He preforms a small bow then a step back he continues to hold her hand as she lifts from the chair revealing the full extent of her beauty.

With the flow of the dance counterclockwise around the room he frames the couple, strong, upright and steady with his embrace. She the color, the fabric within the frame responds to his lead with reaching steps of extended line from toe through hip in a swirl of dazzling gown.

Quick, quick, slow then there is a pause. The classic tango pause.  Each stops and holds their place within the dance and with a sudden turn of the head they look for the first time, directly into each other’s face, eye to eye.  Then just as sudden they look away in unison outward toward their out stretched clasped hands and so continue the circle route of the dance around the room, now cheek to cheek.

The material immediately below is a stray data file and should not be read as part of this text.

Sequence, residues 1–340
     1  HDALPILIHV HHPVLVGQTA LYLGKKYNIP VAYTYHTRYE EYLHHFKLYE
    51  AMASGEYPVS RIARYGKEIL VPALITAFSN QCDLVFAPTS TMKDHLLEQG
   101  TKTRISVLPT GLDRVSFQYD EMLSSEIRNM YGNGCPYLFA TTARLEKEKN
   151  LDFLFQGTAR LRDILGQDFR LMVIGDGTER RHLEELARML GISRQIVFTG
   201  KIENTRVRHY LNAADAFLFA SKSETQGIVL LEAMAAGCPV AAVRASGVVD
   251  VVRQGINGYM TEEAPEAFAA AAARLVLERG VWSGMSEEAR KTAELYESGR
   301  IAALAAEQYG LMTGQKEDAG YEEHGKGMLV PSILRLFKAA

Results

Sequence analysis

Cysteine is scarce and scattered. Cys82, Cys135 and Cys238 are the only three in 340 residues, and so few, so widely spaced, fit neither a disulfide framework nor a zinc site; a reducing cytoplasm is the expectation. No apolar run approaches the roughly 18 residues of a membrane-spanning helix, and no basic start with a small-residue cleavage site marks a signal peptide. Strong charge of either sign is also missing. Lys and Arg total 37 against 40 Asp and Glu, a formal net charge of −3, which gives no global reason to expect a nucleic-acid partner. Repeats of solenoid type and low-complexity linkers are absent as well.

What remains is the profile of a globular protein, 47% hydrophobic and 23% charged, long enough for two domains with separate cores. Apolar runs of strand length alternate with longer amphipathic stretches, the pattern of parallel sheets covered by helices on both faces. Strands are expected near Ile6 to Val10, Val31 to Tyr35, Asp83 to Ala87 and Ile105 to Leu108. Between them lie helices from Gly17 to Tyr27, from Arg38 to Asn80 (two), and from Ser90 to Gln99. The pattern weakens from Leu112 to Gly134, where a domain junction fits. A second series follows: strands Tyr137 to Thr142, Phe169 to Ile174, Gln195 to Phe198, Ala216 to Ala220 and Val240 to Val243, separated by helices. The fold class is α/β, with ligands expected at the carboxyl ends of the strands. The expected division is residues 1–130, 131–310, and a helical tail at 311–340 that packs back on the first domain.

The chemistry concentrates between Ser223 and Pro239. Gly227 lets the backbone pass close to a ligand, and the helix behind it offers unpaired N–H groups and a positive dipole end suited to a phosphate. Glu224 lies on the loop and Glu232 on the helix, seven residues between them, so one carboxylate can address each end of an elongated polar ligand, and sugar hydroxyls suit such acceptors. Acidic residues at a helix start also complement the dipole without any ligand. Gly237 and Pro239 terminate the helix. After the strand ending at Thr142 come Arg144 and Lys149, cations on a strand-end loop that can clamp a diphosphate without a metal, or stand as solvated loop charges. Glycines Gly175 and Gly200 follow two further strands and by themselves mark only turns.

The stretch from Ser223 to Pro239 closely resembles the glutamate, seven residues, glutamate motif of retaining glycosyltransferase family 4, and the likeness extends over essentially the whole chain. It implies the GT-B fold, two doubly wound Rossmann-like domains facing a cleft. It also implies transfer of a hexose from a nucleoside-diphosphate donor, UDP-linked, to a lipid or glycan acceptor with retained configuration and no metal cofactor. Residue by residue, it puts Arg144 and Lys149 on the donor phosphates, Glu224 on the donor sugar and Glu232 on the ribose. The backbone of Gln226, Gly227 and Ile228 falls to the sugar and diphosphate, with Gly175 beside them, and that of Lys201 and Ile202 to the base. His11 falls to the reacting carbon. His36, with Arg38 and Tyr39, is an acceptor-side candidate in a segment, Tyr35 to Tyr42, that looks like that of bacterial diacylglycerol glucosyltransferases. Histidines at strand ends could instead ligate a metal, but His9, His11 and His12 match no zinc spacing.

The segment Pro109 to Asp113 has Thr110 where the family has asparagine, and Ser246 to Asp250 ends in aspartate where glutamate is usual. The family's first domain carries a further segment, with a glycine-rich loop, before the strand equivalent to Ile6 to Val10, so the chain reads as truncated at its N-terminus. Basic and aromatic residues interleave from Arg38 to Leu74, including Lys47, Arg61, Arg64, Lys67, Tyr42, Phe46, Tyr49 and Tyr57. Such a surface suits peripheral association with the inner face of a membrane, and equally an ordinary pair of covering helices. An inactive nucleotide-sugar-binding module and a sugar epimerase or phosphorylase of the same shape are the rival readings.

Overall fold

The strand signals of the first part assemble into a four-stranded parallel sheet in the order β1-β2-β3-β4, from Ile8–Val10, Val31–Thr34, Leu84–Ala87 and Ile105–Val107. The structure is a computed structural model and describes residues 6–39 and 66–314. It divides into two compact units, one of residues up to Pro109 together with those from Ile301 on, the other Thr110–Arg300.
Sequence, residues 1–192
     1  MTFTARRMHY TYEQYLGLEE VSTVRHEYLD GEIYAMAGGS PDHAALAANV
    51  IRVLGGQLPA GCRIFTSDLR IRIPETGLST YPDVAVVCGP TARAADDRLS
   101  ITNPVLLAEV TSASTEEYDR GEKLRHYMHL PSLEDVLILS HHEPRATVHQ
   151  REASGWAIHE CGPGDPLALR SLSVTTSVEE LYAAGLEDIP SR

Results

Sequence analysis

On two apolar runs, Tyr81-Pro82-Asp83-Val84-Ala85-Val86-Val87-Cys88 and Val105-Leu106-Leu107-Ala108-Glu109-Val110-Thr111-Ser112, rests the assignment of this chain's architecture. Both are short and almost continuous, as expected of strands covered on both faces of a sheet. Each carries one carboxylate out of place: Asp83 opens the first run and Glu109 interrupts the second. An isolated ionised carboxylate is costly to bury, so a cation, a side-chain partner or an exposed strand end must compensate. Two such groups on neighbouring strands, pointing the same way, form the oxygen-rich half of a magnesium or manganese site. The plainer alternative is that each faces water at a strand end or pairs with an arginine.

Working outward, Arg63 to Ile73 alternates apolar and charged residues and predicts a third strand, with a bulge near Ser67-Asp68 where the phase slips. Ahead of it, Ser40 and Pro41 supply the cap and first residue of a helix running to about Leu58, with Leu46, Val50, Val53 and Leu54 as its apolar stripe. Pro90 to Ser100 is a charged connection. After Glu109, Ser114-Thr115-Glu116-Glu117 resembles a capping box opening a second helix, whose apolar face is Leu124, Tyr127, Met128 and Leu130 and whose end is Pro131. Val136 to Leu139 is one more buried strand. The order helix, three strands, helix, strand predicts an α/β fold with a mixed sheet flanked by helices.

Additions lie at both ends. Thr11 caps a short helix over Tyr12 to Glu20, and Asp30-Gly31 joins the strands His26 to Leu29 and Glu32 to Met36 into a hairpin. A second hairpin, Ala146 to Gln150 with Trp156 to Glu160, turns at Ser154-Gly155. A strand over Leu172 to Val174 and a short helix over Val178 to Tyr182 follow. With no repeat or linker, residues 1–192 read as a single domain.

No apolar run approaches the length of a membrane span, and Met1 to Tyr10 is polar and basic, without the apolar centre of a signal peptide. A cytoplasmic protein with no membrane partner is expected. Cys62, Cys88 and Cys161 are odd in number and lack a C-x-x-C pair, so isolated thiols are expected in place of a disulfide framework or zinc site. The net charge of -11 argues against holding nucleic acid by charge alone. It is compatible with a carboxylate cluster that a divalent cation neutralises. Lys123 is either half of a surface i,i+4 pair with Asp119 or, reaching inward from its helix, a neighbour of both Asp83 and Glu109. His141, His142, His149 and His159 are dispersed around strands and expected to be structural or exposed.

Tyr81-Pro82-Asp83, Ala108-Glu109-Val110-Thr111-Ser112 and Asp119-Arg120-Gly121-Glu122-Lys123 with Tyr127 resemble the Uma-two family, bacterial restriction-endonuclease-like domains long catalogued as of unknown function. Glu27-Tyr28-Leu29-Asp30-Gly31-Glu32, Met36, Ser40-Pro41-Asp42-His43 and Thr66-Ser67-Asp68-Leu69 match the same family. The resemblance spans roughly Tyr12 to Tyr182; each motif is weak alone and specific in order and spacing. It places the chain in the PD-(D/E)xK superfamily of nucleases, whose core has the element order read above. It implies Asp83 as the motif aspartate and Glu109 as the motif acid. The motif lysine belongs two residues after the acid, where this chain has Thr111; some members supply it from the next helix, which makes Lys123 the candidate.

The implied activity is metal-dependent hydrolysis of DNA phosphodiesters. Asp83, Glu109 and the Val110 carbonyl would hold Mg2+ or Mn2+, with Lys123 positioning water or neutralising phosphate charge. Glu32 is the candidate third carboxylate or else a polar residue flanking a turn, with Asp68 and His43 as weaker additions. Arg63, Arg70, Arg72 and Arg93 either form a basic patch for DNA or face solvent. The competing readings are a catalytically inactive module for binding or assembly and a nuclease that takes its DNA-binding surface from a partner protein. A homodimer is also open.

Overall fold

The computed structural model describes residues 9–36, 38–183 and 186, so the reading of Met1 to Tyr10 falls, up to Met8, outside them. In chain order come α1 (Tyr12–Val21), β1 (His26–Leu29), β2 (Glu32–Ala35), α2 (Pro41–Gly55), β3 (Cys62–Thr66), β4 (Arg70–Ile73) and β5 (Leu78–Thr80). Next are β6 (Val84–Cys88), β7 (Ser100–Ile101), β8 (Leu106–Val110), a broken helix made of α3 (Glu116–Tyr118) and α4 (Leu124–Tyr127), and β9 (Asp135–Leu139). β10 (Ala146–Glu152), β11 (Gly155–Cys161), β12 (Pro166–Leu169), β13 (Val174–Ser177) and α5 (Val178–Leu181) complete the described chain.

Having experienced each other’s touch within the tango embrace for the customary three songs their introduction is complete with a final showy spin.  He with head above the crowd surveys the surroundings and gains his bearings, collects his lady, she taking his arm and they stroll back to her seat at the sideline table awaiting her arrival.  He holds her chair. Thanks her for the dance. The first words by either during their brief encounter.  She in like thanks him before again assuming her dream state in the candle glow, to wait her next awakening from a hand held palm side up.